Materials and Methods



Please refer to editorial titled: The A 1 chieve study: Mapping the Ibn Battuta trail.

 Results



A total of 495 patients were enrolled in the study. The patient characteristics for the entire cohort divided as insulin-naïve and insulin users is shown in the [Table 1]. Glycaemic control at baseline was poor in this population. The majority of patients (46.7%) started on or were switched to biphasic insulin aspart. Other groups were insulin detemir (n = 151), insulin aspart (n = 19), basal insulin plus insulin aspart (n = 53) and other insulin combinations (n = 41).{Table 1}

After 24 weeks of treatment, overall hypoglycaemic events or episodes reduced from 11.7 events/patient-year to 5.0 events/patient-year in insulin user group whereas overall hypoglycaemia increased from 3.5 events/patient-year to 3.8 events/patient-year in the insulin naïve group. However, this hypoglycaemia incidence in insulin naive group at 24 weeks was still lower than that observed in insulin users at baseline. Major hypoglycaemic events or episodes occurred in the insulin naïve group. SADRs were reported in 1.2% of insulin naïve and 2.1% of insulin user groups. Blood pressure and quality of life improved after 24 weeks. Although lipid profile improved in the total cohort, but the finding was limited by number of observations [Table 2] and [Table 3].{Table 2}{Table 3}

All parameters of glycaemic control improved from baseline to study end in the total cohort [Table 4].{Table 4}

Biphasic insulin aspart ± OGLD

Of the total cohort, 231 patients started on biphasic insulin aspart ± OGLD, of which 121 (52.4%) were insulin naïve and 110 (47.6%) were insulin users. After 24 weeks of treatment, hypoglycaemic events or episodes reduced from 11.1 events/patient-year to 2.9 events/patient-year in insulin user group whereas hypoglycaemia increased from 1.3 events/patient-year to 3.2 events/patient-year in insulin naïve group. Quality of life improved at the end of the study [Table 5] and [Table 6].{Table 5}{Table 6}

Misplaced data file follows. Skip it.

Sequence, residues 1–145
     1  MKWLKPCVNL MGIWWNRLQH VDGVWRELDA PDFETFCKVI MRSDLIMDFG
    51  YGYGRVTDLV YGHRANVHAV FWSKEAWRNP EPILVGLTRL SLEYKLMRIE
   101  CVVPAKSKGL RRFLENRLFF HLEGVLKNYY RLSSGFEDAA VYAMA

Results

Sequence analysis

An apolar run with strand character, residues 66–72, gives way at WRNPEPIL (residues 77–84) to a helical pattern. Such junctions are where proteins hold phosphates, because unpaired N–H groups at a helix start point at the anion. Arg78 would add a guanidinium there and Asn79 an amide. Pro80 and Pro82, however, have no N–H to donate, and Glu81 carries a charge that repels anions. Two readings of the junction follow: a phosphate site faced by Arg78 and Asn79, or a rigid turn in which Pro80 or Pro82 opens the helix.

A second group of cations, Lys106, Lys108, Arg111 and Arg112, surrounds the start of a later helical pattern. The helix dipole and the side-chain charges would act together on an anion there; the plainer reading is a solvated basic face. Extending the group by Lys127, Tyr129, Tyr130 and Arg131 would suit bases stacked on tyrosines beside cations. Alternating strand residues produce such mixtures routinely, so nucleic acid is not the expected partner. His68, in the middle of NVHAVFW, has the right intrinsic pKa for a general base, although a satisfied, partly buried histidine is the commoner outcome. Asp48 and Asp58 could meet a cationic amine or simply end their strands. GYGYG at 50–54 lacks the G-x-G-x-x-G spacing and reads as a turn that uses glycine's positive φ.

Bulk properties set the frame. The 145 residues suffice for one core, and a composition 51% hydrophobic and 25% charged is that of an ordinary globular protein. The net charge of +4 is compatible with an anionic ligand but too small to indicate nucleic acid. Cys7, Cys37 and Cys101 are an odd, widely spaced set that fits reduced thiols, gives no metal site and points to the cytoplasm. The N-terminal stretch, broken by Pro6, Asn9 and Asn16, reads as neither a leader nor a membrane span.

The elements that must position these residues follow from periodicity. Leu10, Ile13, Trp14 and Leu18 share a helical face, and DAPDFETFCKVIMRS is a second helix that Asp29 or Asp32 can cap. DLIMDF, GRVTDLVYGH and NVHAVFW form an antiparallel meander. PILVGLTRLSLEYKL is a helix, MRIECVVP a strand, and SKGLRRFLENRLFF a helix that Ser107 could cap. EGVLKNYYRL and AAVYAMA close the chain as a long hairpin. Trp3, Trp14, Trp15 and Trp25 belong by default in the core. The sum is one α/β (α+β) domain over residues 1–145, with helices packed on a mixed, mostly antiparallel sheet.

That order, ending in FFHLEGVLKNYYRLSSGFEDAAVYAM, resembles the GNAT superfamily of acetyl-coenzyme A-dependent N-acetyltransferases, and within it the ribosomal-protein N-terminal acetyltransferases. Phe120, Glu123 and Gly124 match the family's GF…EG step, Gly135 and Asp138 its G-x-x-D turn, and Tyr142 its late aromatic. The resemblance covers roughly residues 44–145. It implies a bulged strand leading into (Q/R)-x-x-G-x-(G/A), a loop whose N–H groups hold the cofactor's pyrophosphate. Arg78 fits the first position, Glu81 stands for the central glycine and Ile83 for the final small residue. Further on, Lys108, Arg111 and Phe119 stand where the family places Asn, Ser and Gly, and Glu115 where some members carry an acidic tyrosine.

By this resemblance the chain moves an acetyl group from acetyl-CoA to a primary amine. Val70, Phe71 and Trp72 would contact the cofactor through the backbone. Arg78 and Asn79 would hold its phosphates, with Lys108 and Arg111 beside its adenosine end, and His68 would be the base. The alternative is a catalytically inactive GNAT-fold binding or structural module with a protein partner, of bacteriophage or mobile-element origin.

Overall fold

All parameters of glycaemic control improved from baseline to study end in those who started on or were switched to biphasic insulin aspart for both insulin naïve and insulin user groups [Table 7].{Table 7}

Basal + insulin aspart ± OGLD

Of the total cohort, 53 patients started on basal + insulin aspart ± OGLD, of which 10 (18.9%) were insulin naïve and 43 (81.1%) were insulin users. After 24 weeks, hypoglycaemic events reduced from 29.9 events/patient-year to 0.0 events/patient-year in insulin naive group and from 14.5 events/patient-year to 8.1 events/patient-year in insulin user group. Quality of life improved after 24 weeks [Table 8] and [Table 9].{Table 8}{Table 9}

All parameters of glycaemic control improved from baseline to study end in those who started on or were switched to basal + insulin aspart ± OGLDs for both insulin naïve and insulin user groups [Table 10].{Table 10}